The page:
Selling the company to its current employees using the latest proven EBITDA and inclusive, workplace democracy and empowerment practices, could showcase the emerging Stakeholder Capitalism paradigm as a viable path forward for other companies of all shapes and sizes. Boomer generation enterprises facing the so-called “Silver Tsunami” legacy challenge and open to local stakeholder conversion models would be re-oxygenated and the beleaguered news media sector could re-boot into a structurally more economically viable and independent future.
Leading NYC-based for-profit, non-profit and academic practitioners of hybrid-model shared ownership formulas such as union-coops and “democratic” ESOPs” as part of the overall syndicated equation could help design the “best practices” methodology paths forward. Similar to Cooperative Home Care Associates (www.chcany.org), the largest union-coop in the U.S. with over 2,000 worker-owners, affiliated with SEIU 1199, so could Bloomberg L.P., valued at $60 BN, become the nation’s largest worker-owned media company, also based in Manhattan. New York’s City Government has already provided $12 million over the past three years to develop a city-wide ecosystem to grow and support the worker co-op movement, including union cooperatives, more than any other municipality nationwide. This is how clusters are formed.
A worker and employee-owned Bloomberg could ignite the practice of transforming historically rooted, intergenerational poverty and dependency culture through demonstrated and localized, hybrid model worker and employee ownership best practices. But, can our collective public imagination move beyond conventional cable news and print journalism wisdom that advance-market-lists the usual oligarchs (Warren Buffets, Bill Gates), or platform monopolies (“data-hungry exchanges like the Intercontinental Exchange, which owns the N.Y.S.E.; banks like Goldman Sachs and JPMorgan Chase, which have invested in Symphony, a rival to Bloomberg’s chat service), or “a cash-rich tech giant like Google, Amazon, Microsoft” (NY Times)?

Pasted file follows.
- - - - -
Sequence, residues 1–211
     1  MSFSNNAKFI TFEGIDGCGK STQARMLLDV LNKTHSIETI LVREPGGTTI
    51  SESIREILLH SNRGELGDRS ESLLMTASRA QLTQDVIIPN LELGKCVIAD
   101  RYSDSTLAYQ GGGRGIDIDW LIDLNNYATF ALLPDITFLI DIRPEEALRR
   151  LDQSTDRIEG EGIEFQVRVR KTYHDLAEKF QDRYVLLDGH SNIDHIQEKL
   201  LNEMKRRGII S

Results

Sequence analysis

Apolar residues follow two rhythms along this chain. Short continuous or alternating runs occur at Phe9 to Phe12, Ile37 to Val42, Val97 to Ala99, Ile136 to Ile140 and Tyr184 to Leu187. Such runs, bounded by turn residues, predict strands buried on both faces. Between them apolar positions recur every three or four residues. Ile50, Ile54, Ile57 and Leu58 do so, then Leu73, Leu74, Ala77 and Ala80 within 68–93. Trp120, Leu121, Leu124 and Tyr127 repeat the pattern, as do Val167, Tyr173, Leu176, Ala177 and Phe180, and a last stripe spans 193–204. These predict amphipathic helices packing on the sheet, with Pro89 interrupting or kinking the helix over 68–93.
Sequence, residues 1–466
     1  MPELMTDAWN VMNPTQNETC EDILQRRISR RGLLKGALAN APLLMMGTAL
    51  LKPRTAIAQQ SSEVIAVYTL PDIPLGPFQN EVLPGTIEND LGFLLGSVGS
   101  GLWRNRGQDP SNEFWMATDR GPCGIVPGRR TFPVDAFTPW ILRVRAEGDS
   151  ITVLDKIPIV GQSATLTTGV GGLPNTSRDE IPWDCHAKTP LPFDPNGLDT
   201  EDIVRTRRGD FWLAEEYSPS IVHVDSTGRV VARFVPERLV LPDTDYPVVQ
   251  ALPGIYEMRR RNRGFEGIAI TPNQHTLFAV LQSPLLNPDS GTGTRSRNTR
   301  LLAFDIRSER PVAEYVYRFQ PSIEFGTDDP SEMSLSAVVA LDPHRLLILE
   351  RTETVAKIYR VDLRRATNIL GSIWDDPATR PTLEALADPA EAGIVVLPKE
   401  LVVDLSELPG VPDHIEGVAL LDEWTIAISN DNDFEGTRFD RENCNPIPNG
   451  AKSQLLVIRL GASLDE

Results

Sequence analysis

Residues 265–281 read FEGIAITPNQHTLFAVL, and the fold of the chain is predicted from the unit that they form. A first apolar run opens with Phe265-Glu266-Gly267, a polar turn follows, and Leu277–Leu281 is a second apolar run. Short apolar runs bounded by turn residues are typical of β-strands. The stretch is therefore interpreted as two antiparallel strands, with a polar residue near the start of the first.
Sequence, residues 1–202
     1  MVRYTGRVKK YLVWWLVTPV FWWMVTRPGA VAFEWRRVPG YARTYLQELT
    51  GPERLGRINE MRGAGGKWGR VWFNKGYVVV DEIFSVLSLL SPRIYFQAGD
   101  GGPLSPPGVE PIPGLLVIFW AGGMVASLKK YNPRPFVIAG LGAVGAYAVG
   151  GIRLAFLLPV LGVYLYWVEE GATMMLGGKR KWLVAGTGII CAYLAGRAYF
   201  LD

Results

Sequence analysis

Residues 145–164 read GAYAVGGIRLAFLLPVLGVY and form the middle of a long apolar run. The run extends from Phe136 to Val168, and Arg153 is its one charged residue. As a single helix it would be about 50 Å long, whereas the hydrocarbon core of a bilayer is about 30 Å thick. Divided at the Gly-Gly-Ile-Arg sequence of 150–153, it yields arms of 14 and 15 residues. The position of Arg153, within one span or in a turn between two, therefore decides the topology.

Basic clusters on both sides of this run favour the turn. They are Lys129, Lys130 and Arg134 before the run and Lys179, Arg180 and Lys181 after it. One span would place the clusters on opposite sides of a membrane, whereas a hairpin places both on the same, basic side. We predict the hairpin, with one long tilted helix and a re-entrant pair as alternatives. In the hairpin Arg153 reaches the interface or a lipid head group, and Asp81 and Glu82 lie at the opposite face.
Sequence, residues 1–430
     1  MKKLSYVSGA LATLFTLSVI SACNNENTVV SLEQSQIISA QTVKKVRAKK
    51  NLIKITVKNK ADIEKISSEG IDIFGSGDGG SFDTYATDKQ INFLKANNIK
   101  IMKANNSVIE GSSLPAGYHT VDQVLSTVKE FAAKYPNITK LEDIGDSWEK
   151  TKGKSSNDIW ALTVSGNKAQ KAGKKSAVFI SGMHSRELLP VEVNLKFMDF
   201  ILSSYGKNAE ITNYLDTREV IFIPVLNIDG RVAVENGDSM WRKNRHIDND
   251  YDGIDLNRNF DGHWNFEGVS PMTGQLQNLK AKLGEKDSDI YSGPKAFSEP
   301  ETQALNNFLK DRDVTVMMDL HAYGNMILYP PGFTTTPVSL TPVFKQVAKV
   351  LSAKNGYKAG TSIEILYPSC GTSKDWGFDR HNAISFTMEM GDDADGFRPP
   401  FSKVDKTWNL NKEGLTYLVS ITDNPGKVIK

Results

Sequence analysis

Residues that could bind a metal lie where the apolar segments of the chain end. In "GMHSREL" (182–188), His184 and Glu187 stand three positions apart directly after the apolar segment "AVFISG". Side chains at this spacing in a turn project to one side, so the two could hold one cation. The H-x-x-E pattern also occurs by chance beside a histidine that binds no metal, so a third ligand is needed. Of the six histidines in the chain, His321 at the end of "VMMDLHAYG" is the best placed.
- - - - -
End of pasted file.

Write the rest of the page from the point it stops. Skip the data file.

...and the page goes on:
One of the good “humanity@work” characteristics of a “democratic” ESOP (as part of an eclectic, hybrid shared ownership equation), is its tax advantages to exiting capital investors. This means that the inevitable, “huge capital gains tax” could be redesigned into “virtuous cycle” channels benefitting stakeholders as shareholders as well as the greater New York City metropolitan regional economic ecosystem. If Mr. Bloomberg “will be calculating the following trade: giving up a very rich, regular cash dividend for stock in a company he doesn’t control that could go down in price”, what better way to raise the beneficiary stakes, and offer-up a new economy “gusher-up” prototype that contrasts starkly with inequality-enabling, illusory “trickle-down” promises and projections hardly ever reaching working class paycheck-dependents for whom equity in America is always someone else’s fulfilling dream.
Why not design, execute and lead “Made, Owned & Governed in America” socioeconomic history?
Michael Alden Peck
1worker1vote executive director & co-founder